Annalee started for the west wing, but I quickly jumped in front of her.
“Uh, I think you better let me handle that, sweetie. Why don’t you, uh, go back to your office and finish running your morning diagnostics on your tablet, hm? I’ll go check out the west wing and report back. I don’t know much about those machines, but I’ve been around them enough to know when something doesn’t look right.”
“Well…okay,” she said finally. Then she pulled me close for a soft kiss. “Be careful.”
“Don’t worry. I will.” I flipped a lock of her hair and gave her my best roguish grin to reassure her. Then I turned and made my way to the west wing.
After strolling through the west wing of the library six or seven times with a couple of security guards by my side, I finally convinced myself that nothing was out of sorts. No lights flashing red when they should’ve been flashing green, no strange sounds other than the usual whirring and humming, no cables severed or dislodged from their connection. I thanked the guards for their assistance and then headed back to Annalee’s office to deliver my report.
As I turned down the hall that led to our offices, I suddenly got that tingling sensation that something wasn’t quite right. The doorway to Annalee’s office was open. I approached it slowly, but when I began to hear what sounded like soft plaintive cries, my adrenaline kicked into overdrive. I darted down the hall and rushed into her office… but there was no one there. The sound of plaintive cries was coming from her tablet which was lying on her desk. That was odd. Her tablet must’ve been playing a movie. Sure, she loved movies, and, yes, I was willing to look past that less redeeming quality of hers, but she never watched movies on her tablet. She was all business with the tablet. What’s more, she never went anywhere without her tablet.
I walked over to her desk, looked down at the tablet screen…and gasped at the face staring back at me.
“Annalee! What are you doing? W-Where are you?”
She looked terrified. The background behind her was totally white. It didn’t look like any of the rooms in the library.
“Elwood! Thank heavens! Y-you’ve got to help me!”
“Annalee, what’s going on? Where are you? Is this some sort of joke?”
“No, I—I don’t know where I am! Please, you’ve got to help me!”
“I will. I will, but first I need you to calm down and tell me what happened.”
She took a deep breath and seemed to calm down just a bit.
“I—I was running diagnostics on my tablet like you said when I noticed this strange icon on the screen, one that I didn’t recognize. At first I tried to delete it. When that didn’t work, I tried to run a diagnostics scan on it to see if it was a corrupted program or something, and then–then the next thing I know I get this weightless feeling—you know like when you’re in an elevator that’s going too fast for your stomach to catch up with you–and then, it felt like—it felt like I was being pulled toward the tablet—INTO the tablet! Oh no, I’m not making any sense!”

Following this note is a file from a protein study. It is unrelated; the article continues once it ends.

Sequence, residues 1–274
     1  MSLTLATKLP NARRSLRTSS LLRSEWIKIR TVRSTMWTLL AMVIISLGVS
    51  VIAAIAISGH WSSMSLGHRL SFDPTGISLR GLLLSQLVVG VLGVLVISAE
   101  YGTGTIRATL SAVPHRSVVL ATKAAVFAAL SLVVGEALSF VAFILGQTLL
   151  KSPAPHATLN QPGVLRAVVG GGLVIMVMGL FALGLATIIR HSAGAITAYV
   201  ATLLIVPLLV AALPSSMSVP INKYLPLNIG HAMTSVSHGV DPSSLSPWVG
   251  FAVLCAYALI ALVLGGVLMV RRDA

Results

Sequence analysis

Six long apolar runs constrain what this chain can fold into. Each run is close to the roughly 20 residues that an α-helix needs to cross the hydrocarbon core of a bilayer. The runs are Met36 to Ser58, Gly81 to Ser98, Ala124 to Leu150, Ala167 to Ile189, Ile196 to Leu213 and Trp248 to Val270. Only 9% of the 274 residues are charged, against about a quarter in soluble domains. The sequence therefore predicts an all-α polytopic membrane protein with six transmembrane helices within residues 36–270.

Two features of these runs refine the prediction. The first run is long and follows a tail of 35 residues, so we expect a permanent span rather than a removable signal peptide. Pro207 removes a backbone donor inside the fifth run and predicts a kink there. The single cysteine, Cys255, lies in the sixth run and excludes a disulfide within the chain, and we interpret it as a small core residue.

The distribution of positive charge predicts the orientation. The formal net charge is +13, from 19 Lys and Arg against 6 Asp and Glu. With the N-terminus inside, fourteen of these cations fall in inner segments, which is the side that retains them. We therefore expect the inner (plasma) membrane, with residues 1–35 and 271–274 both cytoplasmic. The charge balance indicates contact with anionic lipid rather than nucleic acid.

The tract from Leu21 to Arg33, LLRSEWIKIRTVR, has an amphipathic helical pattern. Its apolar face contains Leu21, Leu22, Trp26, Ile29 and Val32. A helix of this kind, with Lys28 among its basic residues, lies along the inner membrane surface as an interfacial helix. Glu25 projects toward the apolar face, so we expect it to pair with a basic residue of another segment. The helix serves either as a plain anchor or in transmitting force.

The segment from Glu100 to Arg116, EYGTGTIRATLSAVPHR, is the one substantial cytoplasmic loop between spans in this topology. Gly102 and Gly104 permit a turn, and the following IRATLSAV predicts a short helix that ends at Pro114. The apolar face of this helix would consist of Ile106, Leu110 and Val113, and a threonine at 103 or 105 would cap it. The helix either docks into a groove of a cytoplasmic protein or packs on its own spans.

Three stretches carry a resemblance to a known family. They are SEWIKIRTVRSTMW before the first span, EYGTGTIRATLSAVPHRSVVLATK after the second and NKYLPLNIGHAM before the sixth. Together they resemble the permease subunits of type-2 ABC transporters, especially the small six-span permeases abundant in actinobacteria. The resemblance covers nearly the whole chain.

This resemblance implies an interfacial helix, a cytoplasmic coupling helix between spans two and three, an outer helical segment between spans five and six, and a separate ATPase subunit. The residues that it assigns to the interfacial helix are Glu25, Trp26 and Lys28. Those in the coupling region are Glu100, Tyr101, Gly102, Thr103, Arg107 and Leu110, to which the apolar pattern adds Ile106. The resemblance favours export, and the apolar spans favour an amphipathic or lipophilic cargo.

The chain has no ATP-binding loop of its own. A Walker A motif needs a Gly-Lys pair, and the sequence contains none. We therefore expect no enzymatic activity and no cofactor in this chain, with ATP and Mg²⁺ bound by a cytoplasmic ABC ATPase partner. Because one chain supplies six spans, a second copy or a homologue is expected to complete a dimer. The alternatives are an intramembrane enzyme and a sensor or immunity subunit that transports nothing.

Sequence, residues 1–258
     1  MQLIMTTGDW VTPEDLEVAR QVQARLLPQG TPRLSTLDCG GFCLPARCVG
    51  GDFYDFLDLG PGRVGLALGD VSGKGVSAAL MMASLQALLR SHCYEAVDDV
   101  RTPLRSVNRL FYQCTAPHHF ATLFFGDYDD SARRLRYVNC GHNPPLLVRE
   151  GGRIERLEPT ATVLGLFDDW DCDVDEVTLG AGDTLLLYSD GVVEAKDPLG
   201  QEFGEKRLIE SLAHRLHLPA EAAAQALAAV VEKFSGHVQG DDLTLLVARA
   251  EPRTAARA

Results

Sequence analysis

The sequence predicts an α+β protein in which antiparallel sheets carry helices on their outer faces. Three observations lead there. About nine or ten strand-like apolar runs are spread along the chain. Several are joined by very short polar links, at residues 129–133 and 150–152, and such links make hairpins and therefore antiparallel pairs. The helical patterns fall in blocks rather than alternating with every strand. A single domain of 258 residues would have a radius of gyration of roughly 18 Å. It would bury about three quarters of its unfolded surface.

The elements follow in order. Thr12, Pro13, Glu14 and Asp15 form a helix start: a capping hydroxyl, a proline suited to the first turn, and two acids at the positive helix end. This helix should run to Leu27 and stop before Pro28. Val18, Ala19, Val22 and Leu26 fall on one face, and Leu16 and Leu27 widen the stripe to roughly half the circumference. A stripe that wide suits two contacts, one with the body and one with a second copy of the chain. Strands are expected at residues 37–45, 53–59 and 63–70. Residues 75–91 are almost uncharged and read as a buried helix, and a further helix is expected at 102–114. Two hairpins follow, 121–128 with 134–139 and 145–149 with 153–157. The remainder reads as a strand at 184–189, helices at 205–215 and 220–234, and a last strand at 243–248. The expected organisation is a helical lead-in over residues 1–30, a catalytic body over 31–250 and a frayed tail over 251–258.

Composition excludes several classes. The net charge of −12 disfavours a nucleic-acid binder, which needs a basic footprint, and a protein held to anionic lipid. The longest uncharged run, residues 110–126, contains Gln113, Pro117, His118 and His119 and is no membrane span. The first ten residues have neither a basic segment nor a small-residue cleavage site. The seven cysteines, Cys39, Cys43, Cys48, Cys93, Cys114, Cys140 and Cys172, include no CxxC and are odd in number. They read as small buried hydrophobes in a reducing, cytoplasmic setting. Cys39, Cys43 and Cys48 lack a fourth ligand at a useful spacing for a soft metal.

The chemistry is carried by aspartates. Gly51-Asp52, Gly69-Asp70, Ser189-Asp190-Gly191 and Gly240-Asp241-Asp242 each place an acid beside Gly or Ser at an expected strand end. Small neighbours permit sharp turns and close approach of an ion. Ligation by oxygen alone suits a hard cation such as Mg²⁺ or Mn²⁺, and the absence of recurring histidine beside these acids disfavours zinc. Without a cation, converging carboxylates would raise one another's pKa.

“Yes, you are! Keep going!”
“Well…then there was this flash of white light that almost blinded me and then–then I’m running through this dark jungle and I’m being chased by these savages. But I’m not alone. Indiana Jones from Raiders of the Lost Ark is running with me and—and another guy, some wiry, bearded guy who was dressed like he was on a safari. Boy, he was a crack shot with his rifle even while he was running!”
“I don’t know who this Indiana Jones character is, but that other guy—that must be… Allan Quatermain?”
“And then I see another flash of white light… and then I’m stuck on this makeshift raft with Tom Hanks in that movie, you know, where he talks to a volleyball all the time… and there’s this other guy wearing this strange get-up. It looked like something some amateur stitched together from animal hides. And he was carrying a silly-looking umbrella that looked like it was fashioned from the same hides by the same amateur!”
“You’ve stumped me again with this Tom Hanks character. Never heard of him, but that other guy, that sounds like… Robinson Crusoe?”
“And now I’m stuck in a large white room with no doors that I can see, and there’s some bald-headed guy here that looks like Robert Duvall—and another guy, some nervous-looking guy who calls himself Winston Smith!”
“I have no idea who Robert Duvall is…. but Winston Smith! That’s from Orwell’s 1984! We covered that book in our last book club meeting. Don’t you remember? Big Brother?”
“Oh… no. I don’t remember,” Annalee hung her head and blushed. “I guess I was too busy staring at you.”
Well, I couldn’t fault her for that. There were times when she made me lose my concentration as well.
“Oh, please, Elwood, you must help me! You’re my only hope!”
“But—But I don’t know how! I want to help but—”
Suddenly the screen went snowy, and then a new, more sinister face appeared. I gasped once again.
Von James cackled with glee. “You want to know how to save your precious girlfriend, Elwood?”
“You monster! What’ve you done with her!”
“All you have to do is tap that little icon that’s just now appearing on your screen.”
Just as Von James said, a small picture of a book with skull and crossbones on the cover suddenly appeared on the screen.
“If you want to save your precious girlfriend, all you have to do is tap that little icon, and you will be transported into my world once again where your true love waits for her knight in shining armor. You’d better hurry, though. There’s no telling when she might be transported to one of those Shakespearean tragedies where everybody dies!”
Von James cackled again, obviously proud of himself.
“So what’ll it be, librarian? Are you willing to risk your sanity and step into my world once again to save your girlfriend? Hmmm…?”